Fall’s almost here. I’ve been out in the not-quite-so-superheated Texas air, testing the next contender in my Perfect Truck Pistol series: the .45-caliber FNX-45 Tactical. For those who don’t remember how this whole thing started, I need a pistol that can reliably and ethically take game, but serve as a concealed carry firearm during short trips to town. After pushing 400 +P rounds of both handloaded and commercial ammunition through the FNX-45 Tactical, I was impressed . . .
The FNX-45 Tactical looks and feels like a beefed-up CZ97B. I’m a huge fan of that chunk of Czech goodness, so I wasn’t surprised that FN’s Belgian-descended baby fit my hand well, with all the controls easily within reach. I should say I wasn’t surprised much. The FNX-45 Tactical looks huge. With its knobby rails, high sights, long grip, rounded magazine bottom and barrel extension, fitted with the large backstrap, the FNX seems like it belongs to a giant action hero.
The FNX doesn’t feel big. My fingers get a better grip and I have a farther reach on its trigger than I do with my Wilson Combat Beretta 92FS. The FNX-45 Tactical is the perfect size – for bear-pawed me – to get a solid wrap around the gun. Shifting my grip to manipulate the controls was as easy as Paris Hilton after two cocktails.
The FNX-45 Tactical’s decocker is its safety. All the way up for safe, one position down for fire, and all the way down to decock the gun. I like to ride my strong hand thumb on the safety to get as high a grip as possible; I was worried my grip would decock the gun. After hundreds of rounds, right- and left-handed, it never did. Oh, and the gun is completely ambidextrous.
An unloaded FNX-45 Tactical tips the scales at 33 oz. Almost all of the weight is in the slide. So while the FNX-45 Tactical weighs slightly more than the 10mm GLOCK G20, it has a much milder recoil profile. Shooting standard pressure Winchester White Box .45ACP out of the FNX-45 Tactical is almost as comfortable as shooting 9mm out of a full-size pistol. Yes, but … launching a 230gr round at 850fps isn’t what I want out of this pistol. That round is likely to leave pigs to die another day. To see if the FNX-45 Tactical’s a good hunting pistol, I had to speed things up a bit with some hotter loads.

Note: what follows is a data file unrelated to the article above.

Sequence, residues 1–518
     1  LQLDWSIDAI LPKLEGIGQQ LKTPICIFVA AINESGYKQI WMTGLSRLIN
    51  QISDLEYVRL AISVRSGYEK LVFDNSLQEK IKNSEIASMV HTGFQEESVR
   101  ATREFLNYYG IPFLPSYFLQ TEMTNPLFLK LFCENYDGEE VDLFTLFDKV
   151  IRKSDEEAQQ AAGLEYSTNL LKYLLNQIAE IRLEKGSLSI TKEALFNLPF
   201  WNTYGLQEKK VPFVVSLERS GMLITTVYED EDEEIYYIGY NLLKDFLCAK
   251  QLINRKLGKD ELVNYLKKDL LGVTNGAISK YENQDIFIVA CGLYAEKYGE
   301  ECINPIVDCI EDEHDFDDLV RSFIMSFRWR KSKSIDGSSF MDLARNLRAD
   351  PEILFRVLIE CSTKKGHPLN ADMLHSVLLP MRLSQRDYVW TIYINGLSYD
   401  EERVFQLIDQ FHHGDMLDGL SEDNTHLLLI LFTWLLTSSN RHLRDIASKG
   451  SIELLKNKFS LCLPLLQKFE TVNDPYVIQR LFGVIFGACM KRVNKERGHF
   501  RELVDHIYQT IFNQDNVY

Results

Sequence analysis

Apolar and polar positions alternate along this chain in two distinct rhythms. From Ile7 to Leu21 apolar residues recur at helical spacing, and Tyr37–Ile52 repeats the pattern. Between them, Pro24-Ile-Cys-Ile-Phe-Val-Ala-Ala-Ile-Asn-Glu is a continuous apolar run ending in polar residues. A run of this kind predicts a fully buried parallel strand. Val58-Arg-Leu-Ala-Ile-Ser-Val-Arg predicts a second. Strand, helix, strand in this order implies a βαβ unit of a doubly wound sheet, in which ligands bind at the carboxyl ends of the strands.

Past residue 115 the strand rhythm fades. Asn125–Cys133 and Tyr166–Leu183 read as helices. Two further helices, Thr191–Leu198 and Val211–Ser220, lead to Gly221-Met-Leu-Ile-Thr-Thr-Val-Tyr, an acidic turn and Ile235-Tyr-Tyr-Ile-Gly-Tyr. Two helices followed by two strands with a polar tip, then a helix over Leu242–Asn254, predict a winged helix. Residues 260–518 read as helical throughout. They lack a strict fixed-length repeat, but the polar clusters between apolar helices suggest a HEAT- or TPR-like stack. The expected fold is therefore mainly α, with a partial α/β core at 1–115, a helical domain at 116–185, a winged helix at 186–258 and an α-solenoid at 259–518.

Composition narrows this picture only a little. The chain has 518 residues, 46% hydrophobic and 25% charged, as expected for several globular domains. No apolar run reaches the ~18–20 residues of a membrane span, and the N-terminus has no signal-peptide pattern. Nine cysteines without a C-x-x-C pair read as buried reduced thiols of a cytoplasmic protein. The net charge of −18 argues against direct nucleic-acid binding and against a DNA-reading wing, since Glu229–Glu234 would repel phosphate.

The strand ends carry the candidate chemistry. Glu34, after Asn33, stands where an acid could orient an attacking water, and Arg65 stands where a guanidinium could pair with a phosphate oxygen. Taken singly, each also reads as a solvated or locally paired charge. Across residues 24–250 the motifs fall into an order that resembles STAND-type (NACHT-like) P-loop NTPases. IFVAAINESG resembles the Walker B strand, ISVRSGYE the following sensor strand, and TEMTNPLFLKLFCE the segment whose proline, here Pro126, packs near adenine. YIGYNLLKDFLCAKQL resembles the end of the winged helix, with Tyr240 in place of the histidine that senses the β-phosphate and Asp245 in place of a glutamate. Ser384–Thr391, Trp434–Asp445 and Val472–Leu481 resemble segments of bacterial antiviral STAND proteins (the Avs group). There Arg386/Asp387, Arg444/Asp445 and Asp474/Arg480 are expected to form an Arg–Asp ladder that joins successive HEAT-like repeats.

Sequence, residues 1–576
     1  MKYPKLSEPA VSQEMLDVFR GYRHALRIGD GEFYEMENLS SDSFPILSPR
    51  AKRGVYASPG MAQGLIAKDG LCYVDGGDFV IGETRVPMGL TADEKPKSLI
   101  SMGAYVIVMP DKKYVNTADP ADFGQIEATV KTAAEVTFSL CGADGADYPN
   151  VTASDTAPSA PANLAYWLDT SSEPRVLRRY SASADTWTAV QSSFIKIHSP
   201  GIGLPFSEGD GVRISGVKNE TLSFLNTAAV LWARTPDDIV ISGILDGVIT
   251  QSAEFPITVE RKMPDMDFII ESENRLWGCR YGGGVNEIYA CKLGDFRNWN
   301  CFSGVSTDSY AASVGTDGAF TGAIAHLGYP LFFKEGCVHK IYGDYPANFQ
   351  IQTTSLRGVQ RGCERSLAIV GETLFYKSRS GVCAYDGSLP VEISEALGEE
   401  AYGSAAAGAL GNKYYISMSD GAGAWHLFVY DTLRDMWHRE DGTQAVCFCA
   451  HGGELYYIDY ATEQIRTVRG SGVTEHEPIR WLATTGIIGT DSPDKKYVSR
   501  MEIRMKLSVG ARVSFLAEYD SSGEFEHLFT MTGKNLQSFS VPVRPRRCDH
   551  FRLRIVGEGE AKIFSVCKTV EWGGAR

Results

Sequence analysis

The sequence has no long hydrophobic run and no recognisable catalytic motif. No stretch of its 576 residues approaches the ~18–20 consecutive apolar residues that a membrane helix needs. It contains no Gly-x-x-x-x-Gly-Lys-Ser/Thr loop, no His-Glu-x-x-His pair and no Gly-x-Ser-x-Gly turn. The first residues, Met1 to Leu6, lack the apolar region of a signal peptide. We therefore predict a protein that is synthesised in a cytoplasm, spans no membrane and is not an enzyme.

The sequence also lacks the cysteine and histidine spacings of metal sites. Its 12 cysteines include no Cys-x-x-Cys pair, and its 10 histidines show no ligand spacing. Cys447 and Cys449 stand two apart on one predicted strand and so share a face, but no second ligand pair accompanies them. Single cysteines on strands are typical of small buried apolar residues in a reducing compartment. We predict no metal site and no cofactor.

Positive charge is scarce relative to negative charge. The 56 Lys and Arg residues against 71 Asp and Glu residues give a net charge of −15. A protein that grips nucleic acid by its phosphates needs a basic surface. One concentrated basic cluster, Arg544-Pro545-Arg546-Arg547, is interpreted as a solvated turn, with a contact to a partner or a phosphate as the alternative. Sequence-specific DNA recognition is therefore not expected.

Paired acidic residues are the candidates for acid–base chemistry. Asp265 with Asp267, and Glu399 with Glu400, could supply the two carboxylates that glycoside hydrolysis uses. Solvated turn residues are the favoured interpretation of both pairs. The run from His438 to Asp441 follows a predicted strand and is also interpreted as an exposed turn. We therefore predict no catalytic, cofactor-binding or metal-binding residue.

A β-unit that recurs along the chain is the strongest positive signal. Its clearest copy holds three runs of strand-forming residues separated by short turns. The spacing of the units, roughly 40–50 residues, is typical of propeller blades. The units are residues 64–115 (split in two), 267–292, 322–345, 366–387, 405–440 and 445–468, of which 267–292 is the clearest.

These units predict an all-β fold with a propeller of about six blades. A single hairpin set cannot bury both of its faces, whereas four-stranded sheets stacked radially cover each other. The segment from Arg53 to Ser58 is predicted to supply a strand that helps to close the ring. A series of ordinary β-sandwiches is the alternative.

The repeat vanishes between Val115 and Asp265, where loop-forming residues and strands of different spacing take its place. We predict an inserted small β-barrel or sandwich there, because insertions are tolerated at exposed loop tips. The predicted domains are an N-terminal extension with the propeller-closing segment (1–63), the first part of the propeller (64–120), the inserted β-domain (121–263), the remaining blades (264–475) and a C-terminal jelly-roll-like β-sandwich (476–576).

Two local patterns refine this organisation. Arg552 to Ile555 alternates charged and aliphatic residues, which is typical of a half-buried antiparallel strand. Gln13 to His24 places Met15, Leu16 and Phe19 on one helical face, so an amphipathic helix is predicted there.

I also had to shell out some serious cash. Quality commercial .45 +P loads ain’t cheap. For this review, I shot 100 rounds of Remington Golden Saber 185 gr HPs at 1140 fps; 40 rounds of Double Tap 255 gr SWC at 875 fps; and 40 rounds of Hornady’s 230gr Critical Duty round at 990 fps.
I did all of my shooting either from a kneel or shooting off a bean bag I keep in my truck for just such emergencies. The commercial ammunition delivered perfectly satisfactory accuracy. Remington’s Golden Saber +P round printed 3″ groups, as did Hornady’s. Shooting DoubleTap 255 gr SWC at 875 fps through the FNX-45 Tactical from my truck, I was consistently getting 2 3/4″ groups. Sold!
This load gives me just about 400 ft-lbs of energy at 50 yards – enough accuracy to shoot a 6″ group at that range. That makes the FNX-45 Tactical a legitimate brush hunting gun for hill country deer, pig, or javelina. It also got me thinking about hand loads for the gun. Since I had decided that I’d buy the gun, I didn’t worry too much about breaking it. So I did quite a bit of load development for it.
I fed the FNX with hand loads all the way up to a 255gr SWC at 900 fps. (Some of those are pretty stout, to say the least.) This pistol performs well with heavy Oregon Trails SWC pills and manages recoil surprisingly well. That frame-pounding 255 gr hand load above printed 1 1/2″ for my best groups off a bag on my window. I got the same group size for two other +P hand loads that were not quite as hot and not quite a punishing on the case or the frame.
I played with four different bullets, four different powders and lots of different OALs. I spent some nine hours on the range and a lot more time at the reloading bench. But that level of accuracy delighted me. No offense to the good folks at FN, but the FNX-45 Tactical rattles like a toolbox and the frame feels like a toy. And yet it shoots a stout .45ACP by any standard quiet well. Shooting off my truck with the bean bag out to 50 yards, I put eight out of 10 rounds inside a 6″ circle without much difficulty.